In Defense of Hipsters: Part 27 (Last One For a While, I Promise)

05/27/2010 2:56 PM |

Walt Whitman

  • Original Brooklyn hipster.

Ok, I promise we’ll soon stop with this whole “hipsters do this, hipsters do that” navel-gazing analysis (seriously, I know, I’m obsessed), but I just got so pissed off skimming through the ridiculously self-important commenters (e.g. “I lived here before you could get good coffee!”) on this ridiculously empty Gawker post about “real Brooklyn/fake Brooklyn.” Until I came across a comment by a self-declared hipster calling herself Leila-Clare (if you’re out there, call us!). Anyway, it goes like this:


I moved to New York city to be in fashion media. Guess what? I succeeded. I came from a small liberal arts college that Gawker laughs at sometimes, but left because I couldn’t afford it and went to public school in Canada. I am from Chicago (Wicker Park, which was a WHOLE different world when I was young). Growing up I had a single mom with a small amount of money, but I’ve been stuffed to the ear holes with bourgeosie values, so I went to private school… because I got a fucking scholarship.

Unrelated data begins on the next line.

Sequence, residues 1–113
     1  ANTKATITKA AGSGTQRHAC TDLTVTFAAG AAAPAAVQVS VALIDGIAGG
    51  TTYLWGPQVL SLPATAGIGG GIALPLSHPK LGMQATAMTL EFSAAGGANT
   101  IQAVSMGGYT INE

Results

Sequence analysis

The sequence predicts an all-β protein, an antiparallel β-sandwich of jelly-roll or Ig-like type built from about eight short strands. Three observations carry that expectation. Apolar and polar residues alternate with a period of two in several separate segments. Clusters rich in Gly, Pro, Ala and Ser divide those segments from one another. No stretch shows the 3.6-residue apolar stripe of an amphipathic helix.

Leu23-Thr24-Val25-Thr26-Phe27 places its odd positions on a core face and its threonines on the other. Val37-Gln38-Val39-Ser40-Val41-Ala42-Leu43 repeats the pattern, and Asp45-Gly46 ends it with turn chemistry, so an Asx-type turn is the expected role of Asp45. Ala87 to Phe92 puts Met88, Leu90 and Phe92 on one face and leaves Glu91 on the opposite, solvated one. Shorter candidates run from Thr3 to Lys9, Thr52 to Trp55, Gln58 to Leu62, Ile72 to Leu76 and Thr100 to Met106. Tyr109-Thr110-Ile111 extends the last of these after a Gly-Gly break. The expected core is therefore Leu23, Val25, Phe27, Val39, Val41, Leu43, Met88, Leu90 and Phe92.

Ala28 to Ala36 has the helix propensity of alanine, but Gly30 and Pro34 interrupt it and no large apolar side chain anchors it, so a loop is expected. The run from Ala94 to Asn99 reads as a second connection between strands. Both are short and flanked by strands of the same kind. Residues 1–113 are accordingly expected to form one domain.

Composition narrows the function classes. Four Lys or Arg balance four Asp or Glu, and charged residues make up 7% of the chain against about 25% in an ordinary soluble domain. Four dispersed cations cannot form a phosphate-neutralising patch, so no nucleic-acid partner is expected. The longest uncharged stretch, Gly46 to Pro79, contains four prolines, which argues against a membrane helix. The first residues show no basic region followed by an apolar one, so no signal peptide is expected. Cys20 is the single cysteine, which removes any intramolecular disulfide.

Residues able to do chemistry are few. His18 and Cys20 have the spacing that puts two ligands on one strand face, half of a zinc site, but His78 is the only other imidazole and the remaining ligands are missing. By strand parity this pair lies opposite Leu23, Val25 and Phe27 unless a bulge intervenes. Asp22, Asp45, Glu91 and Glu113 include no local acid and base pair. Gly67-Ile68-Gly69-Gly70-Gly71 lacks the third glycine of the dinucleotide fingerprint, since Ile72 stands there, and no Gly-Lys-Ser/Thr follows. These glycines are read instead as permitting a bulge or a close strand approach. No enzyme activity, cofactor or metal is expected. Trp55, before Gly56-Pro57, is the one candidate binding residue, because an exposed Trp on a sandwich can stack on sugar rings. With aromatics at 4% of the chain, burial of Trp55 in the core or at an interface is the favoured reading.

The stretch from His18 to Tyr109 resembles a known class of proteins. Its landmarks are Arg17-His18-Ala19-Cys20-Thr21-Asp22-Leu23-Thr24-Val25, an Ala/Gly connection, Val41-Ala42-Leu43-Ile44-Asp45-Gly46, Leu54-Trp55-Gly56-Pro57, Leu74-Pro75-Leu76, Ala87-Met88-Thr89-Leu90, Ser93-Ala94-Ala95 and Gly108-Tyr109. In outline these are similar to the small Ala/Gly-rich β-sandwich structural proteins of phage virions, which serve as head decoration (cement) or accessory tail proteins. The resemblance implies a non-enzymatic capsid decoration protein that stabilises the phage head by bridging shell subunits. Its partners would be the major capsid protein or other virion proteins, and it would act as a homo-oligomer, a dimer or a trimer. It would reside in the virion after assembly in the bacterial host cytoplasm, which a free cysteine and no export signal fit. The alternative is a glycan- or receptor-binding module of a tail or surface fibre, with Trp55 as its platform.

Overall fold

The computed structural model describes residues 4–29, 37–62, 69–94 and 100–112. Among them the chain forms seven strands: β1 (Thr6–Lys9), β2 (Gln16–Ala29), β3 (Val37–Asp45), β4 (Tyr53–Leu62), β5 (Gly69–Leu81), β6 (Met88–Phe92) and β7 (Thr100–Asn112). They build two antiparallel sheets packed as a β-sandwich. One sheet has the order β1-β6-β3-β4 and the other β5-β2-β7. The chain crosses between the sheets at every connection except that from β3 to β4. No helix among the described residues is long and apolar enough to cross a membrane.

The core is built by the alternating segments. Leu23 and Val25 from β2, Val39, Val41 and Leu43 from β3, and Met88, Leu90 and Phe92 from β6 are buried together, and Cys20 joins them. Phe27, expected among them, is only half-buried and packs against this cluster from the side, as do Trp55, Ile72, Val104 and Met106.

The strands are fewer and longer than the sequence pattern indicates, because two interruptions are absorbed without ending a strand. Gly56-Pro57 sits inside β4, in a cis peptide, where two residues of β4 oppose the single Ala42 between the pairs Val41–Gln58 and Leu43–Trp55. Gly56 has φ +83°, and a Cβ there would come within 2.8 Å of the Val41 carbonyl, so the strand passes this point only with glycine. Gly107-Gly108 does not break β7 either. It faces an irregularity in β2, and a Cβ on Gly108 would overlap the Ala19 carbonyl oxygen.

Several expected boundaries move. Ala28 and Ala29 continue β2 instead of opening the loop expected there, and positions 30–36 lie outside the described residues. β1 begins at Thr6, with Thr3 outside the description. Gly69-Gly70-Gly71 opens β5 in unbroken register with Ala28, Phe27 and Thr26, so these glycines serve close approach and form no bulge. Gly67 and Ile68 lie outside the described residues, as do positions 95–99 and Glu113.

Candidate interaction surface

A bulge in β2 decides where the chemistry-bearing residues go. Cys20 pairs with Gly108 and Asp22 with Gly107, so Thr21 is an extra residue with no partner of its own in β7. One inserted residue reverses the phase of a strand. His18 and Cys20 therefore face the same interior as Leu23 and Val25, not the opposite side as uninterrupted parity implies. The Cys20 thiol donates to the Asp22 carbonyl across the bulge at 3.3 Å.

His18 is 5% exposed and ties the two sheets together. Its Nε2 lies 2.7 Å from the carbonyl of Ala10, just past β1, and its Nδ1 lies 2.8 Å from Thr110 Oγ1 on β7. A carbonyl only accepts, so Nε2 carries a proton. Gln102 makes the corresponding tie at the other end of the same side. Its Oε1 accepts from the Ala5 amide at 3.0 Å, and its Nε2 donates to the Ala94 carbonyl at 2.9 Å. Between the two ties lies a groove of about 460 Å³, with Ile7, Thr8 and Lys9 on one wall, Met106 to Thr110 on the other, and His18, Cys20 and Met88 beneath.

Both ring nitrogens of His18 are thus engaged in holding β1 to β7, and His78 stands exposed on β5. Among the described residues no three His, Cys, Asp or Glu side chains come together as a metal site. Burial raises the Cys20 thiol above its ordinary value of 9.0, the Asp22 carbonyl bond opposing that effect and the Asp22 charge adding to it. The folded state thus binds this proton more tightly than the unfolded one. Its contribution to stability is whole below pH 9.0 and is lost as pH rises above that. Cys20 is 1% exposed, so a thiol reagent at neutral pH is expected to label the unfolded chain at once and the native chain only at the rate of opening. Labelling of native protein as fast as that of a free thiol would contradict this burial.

I lived in Crown Heights, now I live in Bushwick. And my friends ride bikes (I don’t…I’m terrified of them). Sometimes I get nervous walking at night. We grow herbs in our windowsills. We shop at Beacon’s Closet. Sometimes, some of the people I know can be seen reading Michael Chabon or Cormac McCarthy on the train. We like it that way.

And we would be doing the exact same in any city we live (my friends in Chicago do a very similar thing, as do my friends in San Antonio and my friends in Seattle and Baltimore or wherever else). I am a 20-something who works in the media with tattoos. No matter what I did, how I acted or the way I conducted myself, I will be labeled a hipster. That’s a fact I can’t change, so instead of whining and proving how hipsterish I’m NOT, I try to give the people around me, be they imported or native, the type of respect I’d like in the place I adopt as my home.

Rents are raised everywhere. Brooklyn is no different from the rest of the US. The only thing I’ve found, having lived (and immersed) myself in several different American cities and spending three years abroad, is that I really LIKE Brooklyners. They are colorful and weird. If that makes them hipster or anti-hipster, well, then, where’s my American Apparel?”

Thank you, Leila-Clare. [slow clap]

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